Anyone who doubts that Barack Obama can be ruthless enough to broker a Middle East peace deal should consider how dealt with Chrysler and General Motors.
Middle East peace not such a long shot for Obama after GM, Chrysler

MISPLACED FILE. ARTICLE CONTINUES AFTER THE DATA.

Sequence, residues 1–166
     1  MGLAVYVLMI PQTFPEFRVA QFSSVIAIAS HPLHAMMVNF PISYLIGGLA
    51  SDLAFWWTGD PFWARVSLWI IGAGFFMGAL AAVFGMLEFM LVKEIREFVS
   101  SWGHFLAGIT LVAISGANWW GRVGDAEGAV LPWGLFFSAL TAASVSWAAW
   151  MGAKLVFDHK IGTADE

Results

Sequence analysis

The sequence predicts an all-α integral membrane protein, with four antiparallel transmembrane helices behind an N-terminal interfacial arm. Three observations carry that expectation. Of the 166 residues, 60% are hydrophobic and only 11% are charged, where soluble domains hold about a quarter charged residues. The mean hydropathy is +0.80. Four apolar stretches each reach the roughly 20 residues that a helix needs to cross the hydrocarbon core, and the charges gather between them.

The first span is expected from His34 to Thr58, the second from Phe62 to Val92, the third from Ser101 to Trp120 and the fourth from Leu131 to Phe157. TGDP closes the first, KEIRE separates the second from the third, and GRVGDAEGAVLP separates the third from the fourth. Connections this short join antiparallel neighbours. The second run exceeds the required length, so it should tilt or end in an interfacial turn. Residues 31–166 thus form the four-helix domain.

Anyone who doubts that Barack Obama, the US president, can be ruthless enough to broker a Middle East peace deal should consider how he boxed the giant car makers Chrysler and General Motors (GM) into bankruptcy proceedings. In late March, when GM failed to impress a team of White House aides with its "viability plan" for recovery, Mr Obama met the company's chairman and dangled the threat of draconian bankruptcy terms that would leave company bondholders with no more than 20 cents in the dollar. Later, when Chrysler's bond investors baulked at a plan that would have given them anything less than 80 per cent or so of the value of their notes, the White House and its allies in Congress went in hard. Reports circulated that the Treasury Department was leaning on unco-operative creditors, while prominent Democrat politicians such as John Dingell, a congressman from Michigan, the heart of the US car industry, called them "rogue hedge funds" best dealt with in court. Even Mr Obama sneeringly referred to Chrysler's bondholders as "speculators". The creditors, who as participants in the government's bank-bailout plan are particularly vulnerable to political pressure, buckled. Even then, the White House could not resist giving Chrysler's labour union a 55 per cent equity stake in the restructured company in defiance of abundant legal precedents that place bondholders' secured interests above those of unsecured ones, in this case the employees. This is what makes the public-private embrace so deadly. Organised labour contributed US$68 million (Dh249.6m) to the Democrats' war chest for the last election cycle, according to Business Report, and Mr Obama, having welshed on his campaign pledge to renegotiate the North American Free Trade Agreement on more worker-friendly terms, delivered for the unions by putting them in control of the country's third-largest car maker. GM bondholders were similarly treated. All in, according to analysts, they can expect an equity stake in the restructured car maker worth up to 15 per cent. The unions, meanwhile, will probably end up with as much as 20 per cent, plus $2.5 billion in cash payouts over the next eight years and $6.5bn in preferred stock, paying a 9 per cent dividend. Patronage is the linchpin of US democracy. But appeasing the nation's car unions at the expense of bondholders, who range from big fund managers to retail investors, is uncharacteristically inept for someone as famously understated as Mr Obama. It vindicates conservative fears that he would turn back the clock to the Big Labour era of the 1970s, when union bosses helped sabotage US manufacturing with extravagant demands that sent blue-collar jobs overseas. It also sets a damaging precedent: the prospect of government intervention in the credit markets adds risk at a time when bond investors are already nervous about the prospect of a major national default and a collapse of the dollar. As one decidedly un-roguish hedge fund manager told this column: "This is banana republic stuff. Obama didn't just jump the queue in giving pensioners' rights priority over the bondholders. He jumped the law." There is, finally, a whiff of moral hazard in Mr Obama's car sector bailout. For decades the industry has courted death through its own arrogance and myopia, only to cheat it with the help of a pliable Congress. Through its powerful lobby in Washington, the industry has over the years managed to thwart attempts to impose tougher fuel efficiency and safety standards. When Americans started buying cheaper and more reliable vehicles from Japan, politicians responded by demanding "voluntary restraints" on car imports. Nor is the car industry the macroeconomic engine it once was. Manufacturing accounts for only 11.5 per cent of the US GDP, down from 20 per cent in 1980. So why should the federal government inject more money, having already squandered billions in recent months, to "save" two companies that in a few years will be indistinguishable from their current form, assuming they survive at all? The answer, of course, is politics. With its headquarters in a vote-rich battleground on the US electoral map, the viability of GM and Chrysler was always about how many ballots it could deliver rather than its contribution to the country's long-term economic security. In this sense, Mr Obama's relationship with US car makers is similar to his stand-off with Israel in his pursuit of a sustainable Middle East peace. Like America's bankrupt car sector, Israel is a ward of the American taxpayer, having burned through a fortune in US aid on everything from military technology to Jewish settlements on Palestinian land. And like GM and Chrysler, it is a US liability, though of a strategic nature rather than an economic one, and it, too, compensates for this with the help of its friends in Washington. In his historic speech in Cairo last week, Mr Obama signalled he is prepared to assign a value for Palestinian aspirations equal to that of Israeli ones, something few of his predecessors ever had the courage or inclination to do. By turning the screws on Chrysler and GM creditors, he has demonstrated a measure of brute cunning that even Israelis can respect. email@example.com